Jean-Pascal: Yes, absolutely. I just wanted to add on that, Jean-Pascal speaking, that it’s not only useful for the developers and the companies from the developed countries to enter these markets but also and maybe mostly for developers and players, the local players that are starting in their country this industry as we did in Europe, in the U.S. 10 years or 15 years ago. And what we want to bring them with that is just the opportunity not to reinvent the wheel. There’s a lot of added value in this contract, in the standardized contract. As Sophie mentioned previously, yes, it’s lot of experience that has been put into that and really not reinventing the wheel, saving this very, very precious time is of the essence, this initiative.

Bruce: I fully agree. And the huge advantage of this standardisation initiative is that its open source. Our members, which tend to be from developed countries who’ve already gone through the process of developing solar, are happy and really delighted that the Terrawatt Initiative and IRENA have opened this standardisation up to anybody. Organizations and companies from those emerging markets can use it themselves as a basis, an internationally agreed basis, for contractual relationships in solar.

The second point is that although we’re talking about emerging markets here, the standardisation initiative goes much broader than that. And when we come on in a moment to talk about specifics of the O&M, the operation and maintenance contracts, there that is as useful, if not more so, in the developed markets. Where there’s already a significant solar installation, those contracts for operation and maintenance are crucial, again, from a transactional point of view, to simplify the process, and move that forward.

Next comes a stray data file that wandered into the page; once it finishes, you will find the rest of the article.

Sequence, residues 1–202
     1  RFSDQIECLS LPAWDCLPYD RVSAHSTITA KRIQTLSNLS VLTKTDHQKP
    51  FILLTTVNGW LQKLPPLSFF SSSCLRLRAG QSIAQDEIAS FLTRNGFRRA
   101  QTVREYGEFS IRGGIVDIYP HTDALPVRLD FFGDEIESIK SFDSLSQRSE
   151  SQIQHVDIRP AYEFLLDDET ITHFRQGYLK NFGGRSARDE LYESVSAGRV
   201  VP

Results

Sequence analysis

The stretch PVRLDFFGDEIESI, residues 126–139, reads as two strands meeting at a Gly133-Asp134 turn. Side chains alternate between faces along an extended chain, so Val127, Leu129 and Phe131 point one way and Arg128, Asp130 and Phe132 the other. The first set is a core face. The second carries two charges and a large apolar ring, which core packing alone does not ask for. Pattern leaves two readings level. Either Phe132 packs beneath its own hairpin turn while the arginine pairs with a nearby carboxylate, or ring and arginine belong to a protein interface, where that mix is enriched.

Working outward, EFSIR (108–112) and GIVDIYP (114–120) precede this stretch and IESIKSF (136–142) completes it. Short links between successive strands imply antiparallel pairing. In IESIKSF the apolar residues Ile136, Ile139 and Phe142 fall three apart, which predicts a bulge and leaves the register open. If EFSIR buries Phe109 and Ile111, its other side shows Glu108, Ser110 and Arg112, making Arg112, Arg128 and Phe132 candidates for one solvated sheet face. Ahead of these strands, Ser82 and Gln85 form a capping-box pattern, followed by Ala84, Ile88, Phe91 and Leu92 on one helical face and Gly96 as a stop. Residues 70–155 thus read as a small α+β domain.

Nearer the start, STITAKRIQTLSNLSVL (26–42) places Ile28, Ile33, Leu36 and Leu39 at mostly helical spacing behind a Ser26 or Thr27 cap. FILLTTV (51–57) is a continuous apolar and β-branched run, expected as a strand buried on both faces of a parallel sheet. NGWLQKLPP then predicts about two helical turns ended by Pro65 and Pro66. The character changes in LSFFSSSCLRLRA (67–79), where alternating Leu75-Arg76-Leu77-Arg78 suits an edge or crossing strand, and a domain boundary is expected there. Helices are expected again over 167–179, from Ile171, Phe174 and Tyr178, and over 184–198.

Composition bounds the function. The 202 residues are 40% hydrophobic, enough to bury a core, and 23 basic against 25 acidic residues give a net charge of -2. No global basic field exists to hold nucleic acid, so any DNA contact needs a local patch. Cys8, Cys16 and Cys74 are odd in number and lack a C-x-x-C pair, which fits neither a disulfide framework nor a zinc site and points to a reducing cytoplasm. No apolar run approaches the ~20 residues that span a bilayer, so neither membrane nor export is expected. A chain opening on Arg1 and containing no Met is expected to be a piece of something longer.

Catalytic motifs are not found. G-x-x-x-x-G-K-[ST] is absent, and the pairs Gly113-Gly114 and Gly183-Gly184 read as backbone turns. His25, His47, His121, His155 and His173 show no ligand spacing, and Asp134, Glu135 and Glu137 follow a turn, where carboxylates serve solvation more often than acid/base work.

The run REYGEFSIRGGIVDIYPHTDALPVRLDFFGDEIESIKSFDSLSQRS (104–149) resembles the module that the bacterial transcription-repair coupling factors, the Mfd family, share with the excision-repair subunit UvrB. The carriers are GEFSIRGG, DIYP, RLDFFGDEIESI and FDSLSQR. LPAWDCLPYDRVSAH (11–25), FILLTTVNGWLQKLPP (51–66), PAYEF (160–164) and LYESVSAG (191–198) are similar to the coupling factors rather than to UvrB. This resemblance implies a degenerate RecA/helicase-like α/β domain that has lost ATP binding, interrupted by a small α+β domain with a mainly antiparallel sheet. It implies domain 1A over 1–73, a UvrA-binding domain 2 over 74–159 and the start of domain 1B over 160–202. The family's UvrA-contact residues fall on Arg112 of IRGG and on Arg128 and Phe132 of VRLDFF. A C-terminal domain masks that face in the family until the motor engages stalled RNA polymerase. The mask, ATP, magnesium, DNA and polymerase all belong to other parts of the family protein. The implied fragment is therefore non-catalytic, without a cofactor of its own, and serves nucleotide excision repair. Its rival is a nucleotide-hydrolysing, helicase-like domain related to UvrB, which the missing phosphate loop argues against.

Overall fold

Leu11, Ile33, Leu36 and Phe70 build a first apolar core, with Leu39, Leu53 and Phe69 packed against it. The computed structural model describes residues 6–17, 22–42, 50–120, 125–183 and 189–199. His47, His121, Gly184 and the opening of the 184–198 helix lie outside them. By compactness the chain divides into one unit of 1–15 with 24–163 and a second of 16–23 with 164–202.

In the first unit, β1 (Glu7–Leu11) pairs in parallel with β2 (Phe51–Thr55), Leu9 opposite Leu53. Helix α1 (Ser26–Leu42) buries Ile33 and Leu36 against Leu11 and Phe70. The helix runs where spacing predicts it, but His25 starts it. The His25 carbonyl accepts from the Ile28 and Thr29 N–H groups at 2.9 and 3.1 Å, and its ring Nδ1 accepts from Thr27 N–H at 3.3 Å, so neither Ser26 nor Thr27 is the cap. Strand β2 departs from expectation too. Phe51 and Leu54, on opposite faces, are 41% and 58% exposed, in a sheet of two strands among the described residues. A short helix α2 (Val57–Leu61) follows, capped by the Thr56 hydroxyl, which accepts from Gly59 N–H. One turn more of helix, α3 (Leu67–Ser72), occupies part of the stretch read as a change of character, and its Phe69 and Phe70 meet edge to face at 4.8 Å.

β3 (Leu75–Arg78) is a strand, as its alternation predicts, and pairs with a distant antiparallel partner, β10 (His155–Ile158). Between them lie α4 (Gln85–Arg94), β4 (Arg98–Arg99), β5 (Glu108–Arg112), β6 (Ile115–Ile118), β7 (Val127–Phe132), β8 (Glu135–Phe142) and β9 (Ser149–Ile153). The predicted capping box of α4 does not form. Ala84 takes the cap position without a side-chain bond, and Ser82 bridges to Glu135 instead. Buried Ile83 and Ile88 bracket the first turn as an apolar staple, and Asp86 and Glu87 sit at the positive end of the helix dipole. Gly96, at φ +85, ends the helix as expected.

In that context, ourselves at SolarPower Europe, we are organizing an event at the end of the year on the 7th of December in London to focus exactly on that. To talk to asset managers and O&M providers about this initiative and to introduce them to the standardized contracts for O&M. It’s on both sides, it’s an incredibly powerful tool, both emerging markets but also the developed solar markets.

Connecting the Dots between COP23 and the Solar Industry
Glenna: I think the average person in the solar industry maybe doesn’t understand the implication of COP23, you know, on a day-to-day basis for their business. Jean-Pascal, I think that we feel maybe a little more removed from that process. Could you connect the dots a little bit for us about how COP23 really is important to this initiative of SESI and how it can really impact the solar industry worldwide?

Jean-Pascal: I think the feeling you describe as the industry players to be a little remote from the COP journey and the UNFCC conference of the parties, the 23rd, is right. That’s precisely what we are trying to make is to connect the dots between what is, mainly an intergovernmental international process and the industry because these persons in the UNFCCC (The United Nations Framework Convention on Climate Change) and in these negotiations, the parties are negotiating climate goals.